Listen Closely to Our Words
It’s interesting that if you think about it, humans have long had a love/hate relationship with other animals.
We love our pets and we love to see wild animals we encounter, like a beautiful deer or a friendly squirrel.
But we use phrases that show our contempt for and disrespect for the animal kingdom on a regular basis.
We mistakenly perceive chickens as cowardly (not so–a mother hen will risk her life for her chicks), pigs as filthy (they roll in mud to protect their skin from sunburn, not because they want to be covered in dirt) and sheep as stupid (there is a growing body of evidence that sheep may actually possess some real smarts).
And with regards to sheep, according to sheep101.info:
Due to their strong flocking instinct and failure to act independently of one another, sheep have been universally branded “stupid.” But sheep are not stupid. Their only protection from predators is to band together and follow the sheep in front of them. If a predator is threatening the flock, this is not the time to act independently.
But even if sheep (or other animals) were dumb, that’s no reason to treat them cruelly, anymore than it would be reason to treat an unintelligent person cruelly, no?
And survival of the fittest ensures that animals remain able to adapt to their surroundings and evolve, hardly a sign of stupidity.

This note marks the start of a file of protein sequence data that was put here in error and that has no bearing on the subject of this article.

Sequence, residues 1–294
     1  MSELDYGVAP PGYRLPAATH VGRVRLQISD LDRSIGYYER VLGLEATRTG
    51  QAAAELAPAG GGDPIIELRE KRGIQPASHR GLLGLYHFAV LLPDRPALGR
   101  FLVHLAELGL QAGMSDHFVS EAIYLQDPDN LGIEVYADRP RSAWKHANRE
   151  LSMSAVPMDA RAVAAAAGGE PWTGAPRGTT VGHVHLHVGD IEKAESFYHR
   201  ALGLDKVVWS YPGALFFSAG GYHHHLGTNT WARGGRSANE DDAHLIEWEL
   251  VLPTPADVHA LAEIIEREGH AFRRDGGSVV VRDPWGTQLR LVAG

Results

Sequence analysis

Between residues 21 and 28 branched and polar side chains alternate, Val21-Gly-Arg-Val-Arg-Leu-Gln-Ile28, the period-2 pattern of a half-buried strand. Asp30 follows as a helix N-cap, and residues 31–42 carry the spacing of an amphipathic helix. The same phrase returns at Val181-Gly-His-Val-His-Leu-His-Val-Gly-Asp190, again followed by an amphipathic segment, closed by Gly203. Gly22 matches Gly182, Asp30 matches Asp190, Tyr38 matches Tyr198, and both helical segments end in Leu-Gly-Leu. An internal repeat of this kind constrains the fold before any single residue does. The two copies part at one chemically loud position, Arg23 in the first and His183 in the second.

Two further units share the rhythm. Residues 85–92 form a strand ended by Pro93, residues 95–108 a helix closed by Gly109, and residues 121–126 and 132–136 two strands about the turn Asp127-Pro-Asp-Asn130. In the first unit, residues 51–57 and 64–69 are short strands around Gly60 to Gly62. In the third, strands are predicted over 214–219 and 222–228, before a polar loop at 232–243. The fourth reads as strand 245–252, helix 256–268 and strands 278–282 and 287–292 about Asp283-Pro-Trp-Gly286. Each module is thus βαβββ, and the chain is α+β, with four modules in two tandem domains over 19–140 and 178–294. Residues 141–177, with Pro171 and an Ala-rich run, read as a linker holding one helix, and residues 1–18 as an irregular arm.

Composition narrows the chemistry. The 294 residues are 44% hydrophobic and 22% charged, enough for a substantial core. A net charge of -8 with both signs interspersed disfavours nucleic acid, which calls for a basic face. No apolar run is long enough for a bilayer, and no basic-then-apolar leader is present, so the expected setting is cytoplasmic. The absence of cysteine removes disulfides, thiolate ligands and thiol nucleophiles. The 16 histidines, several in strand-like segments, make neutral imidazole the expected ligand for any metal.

We also acknowledge with our common phrases that all is not well with how we treat other species, but we consider ourselves so above the animal kingdom that we’re mortified at the thought we might be treated as we actually treat them:
“We were treated like cattle (oh, the horrors!)”
“I felt like a lamb led to the slaughter”
“I was treated like a dog”
“What do I look like? An animal?”
[Well, strictly speaking, yes].
Is it any wonder, with our strong sense of superiority and general belief in our “right” to dominate other species, that we exploit animals merely for our own desires and pleasures?
For food, for fashion, for entertainment, we use the lame excuse that it’s the “circle of life”, and allow other sentient beings to be treated in the most horrific manner, all hidden out of sight lest we be at all disturbed at our financial support of the atrocities on factory farms, in slaughterhouses, etc.
No, it should be no wonder at all.
Our words, our phrases, have power.
Let’s begin to truly look at our words regarding other animals and shift our perceptions of them from beings that are inferior to us to creatures who have just as much a right to be here and to be treated with respect as we do.